Category: General Law

3

Posner’s Expertise

Justin Wolfers, Mark Thoma, Brad DeLong and Menzie Chinn, among others, slam Richard Posner’s recent post attacking Christina Romer for abandoning her academic values.  The attack on Judge Posner is two pronged: (1) he doesn’t know the basic techniques/assumptions of macroeconomics; and (2) he either hasn’t read, or doesn’t understand, Romer’s academic work. Wolfers (who I admire greatly) is typically blunt. My running commentary on his comments are in brackets.

“Having recently re-read much of the modern literature on fiscal policy [note the invocation of authority!], I found myself underlining several of his claims that either reflect an incomplete understanding of the issue or are simply at odds with the current views of mainstream macro [suffer not the witch to live!]. Yet they are stated as simple truths, with no hint of qualification [if Justin wants to be outraged by simplification, he should read this]. And he cites not a single number nor builds a serious theoretical argument in support of any of his conclusions. “

Since lawyers often feel that economists and political scientists writing about law and legal institutions are similarly autistic/naive/under-appreciative of the literature, my first reaction to such complaints is: get over yourselves.  But more mature reflection prompted a slightly more generous thought: see what we mean?

4

Does Time Magazine Approve of Cheating and Lying?

I was troubled to read Joel Stein’s column, captioned “Cheating Rocks,” in the August 17 issue of Time. (The online version of the article has the heading “Cheating: It’s All-American — And It’s Great!”)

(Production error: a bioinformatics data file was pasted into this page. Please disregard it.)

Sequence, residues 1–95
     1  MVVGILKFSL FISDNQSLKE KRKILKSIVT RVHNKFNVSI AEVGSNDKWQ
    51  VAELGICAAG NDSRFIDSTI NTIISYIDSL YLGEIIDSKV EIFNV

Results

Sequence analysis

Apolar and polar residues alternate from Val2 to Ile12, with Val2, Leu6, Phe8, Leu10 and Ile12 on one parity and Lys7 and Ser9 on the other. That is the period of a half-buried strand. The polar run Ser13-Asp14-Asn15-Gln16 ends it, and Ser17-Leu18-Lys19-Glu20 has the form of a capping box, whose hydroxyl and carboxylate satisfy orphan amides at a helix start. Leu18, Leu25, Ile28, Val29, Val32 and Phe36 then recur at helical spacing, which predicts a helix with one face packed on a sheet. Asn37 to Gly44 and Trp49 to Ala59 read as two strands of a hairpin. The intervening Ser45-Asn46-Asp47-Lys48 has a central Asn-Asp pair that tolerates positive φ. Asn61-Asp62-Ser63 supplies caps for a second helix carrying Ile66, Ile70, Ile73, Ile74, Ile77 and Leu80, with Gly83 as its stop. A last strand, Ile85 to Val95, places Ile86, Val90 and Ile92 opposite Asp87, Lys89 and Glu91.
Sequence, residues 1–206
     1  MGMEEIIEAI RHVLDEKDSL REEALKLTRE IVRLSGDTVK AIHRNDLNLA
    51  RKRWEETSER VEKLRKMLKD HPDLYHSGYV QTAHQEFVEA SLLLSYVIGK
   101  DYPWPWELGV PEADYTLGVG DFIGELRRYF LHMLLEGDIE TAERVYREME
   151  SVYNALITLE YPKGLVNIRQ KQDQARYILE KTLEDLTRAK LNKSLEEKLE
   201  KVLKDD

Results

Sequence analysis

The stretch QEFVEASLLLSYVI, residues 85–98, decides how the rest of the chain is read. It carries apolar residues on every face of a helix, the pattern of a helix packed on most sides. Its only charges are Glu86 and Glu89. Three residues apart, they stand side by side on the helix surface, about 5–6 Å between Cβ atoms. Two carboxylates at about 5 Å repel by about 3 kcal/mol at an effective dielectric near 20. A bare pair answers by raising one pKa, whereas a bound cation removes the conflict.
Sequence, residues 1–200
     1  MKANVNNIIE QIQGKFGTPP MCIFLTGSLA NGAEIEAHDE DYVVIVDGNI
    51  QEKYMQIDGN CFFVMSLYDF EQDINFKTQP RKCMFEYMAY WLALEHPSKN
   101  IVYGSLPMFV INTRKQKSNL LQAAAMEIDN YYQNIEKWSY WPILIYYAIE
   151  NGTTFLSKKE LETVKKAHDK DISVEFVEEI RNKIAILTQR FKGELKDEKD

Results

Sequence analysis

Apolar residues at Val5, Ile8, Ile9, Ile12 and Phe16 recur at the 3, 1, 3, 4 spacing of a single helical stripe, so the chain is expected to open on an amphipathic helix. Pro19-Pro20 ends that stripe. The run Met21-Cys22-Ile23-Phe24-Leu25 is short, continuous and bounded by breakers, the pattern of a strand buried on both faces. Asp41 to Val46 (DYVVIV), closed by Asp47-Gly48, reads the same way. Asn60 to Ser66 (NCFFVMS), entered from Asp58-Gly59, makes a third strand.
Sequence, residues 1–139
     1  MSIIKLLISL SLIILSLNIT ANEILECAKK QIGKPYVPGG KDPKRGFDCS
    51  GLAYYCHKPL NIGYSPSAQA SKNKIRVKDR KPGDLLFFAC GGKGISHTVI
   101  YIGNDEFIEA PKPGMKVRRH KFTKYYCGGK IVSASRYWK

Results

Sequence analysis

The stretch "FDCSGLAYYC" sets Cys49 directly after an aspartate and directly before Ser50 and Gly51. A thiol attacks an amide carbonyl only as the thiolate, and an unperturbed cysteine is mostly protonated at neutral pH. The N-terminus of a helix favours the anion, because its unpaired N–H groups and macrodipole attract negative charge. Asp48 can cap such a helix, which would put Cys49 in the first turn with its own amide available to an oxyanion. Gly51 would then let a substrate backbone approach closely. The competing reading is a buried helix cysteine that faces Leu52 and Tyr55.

The upshot of Stein’s column seems to be that cheating in various circumstances should be acknowledged as acceptable. Stein starts his “Cheating Rocks” column by discussing the (misplaced, in his view) public outrage against steroid use by athletes, and Stein seems to suggest that steroids and other “cheating” tactics in sports should not be scorned, since they enhance performance which makes sports more interesting. While I do not agree with that position, I imagine Stein might have been offering it partially tongue-in-cheek.

What was not tongue-in-cheek, however, was Stein’s later admission in the column that he assisted his father years ago with what is likely unlawful tax fraud of some ilk, and Stein indicates that he continues to think deceit and cheating is acceptable.. Specifically, Stein says in his column:
I have long been an advocate of cheating. It started when my dad fooled an IRS auditor by comparing different vintages of phone book, finding and out-of-business furrier and getting me to use my Apple IIe to create a fake receipt to prove a false fur-coat donation.

Stein admits to helping to deceive the IRS, and Stein offers no regrets about it. Stein then writes – seemingly with approval – about high school cheating. This all gives me pause.

To be clear, my concern is not about Stein himself or Stein’s ethics. I am sure Stein is a lovely person, and I personally have no stake in how he views cheating or dishonesty. Rather, I have concerns about the fact that no senior person at Time Magazine put the kibosh on Stein’s “Cheating Rocks” column. Does Time Magazine really want its writers to publicly admit to being comfortable with being dishonest? Surely that undermines reader confidence in the material being published.

I am not suggesting that Stein himself fabricates things in his writing. My impression is quite the opposite – Stein seems to be a well-respected and well-published writer who does stellar work. What I am suggesting instead is that I am perplexed by the fact that the higher-ups at Time did not raise an eyebrow at a column in which a Time writer appears to admit comfort with dishonesty and lying.

Maybe I am a bit sensitive about issues of dishonesty and cheating, given that I research and write on corporate and attorney ethics. Maybe I am jaded, having consulted on too many cases where comfort with fudging and a bit of cheating turned into full-blown options backdating.

Whatever the reason, the column did not sit well with me. Even if we all agree that the column was partially in jest, it still would have given me pause, were I a Time executive.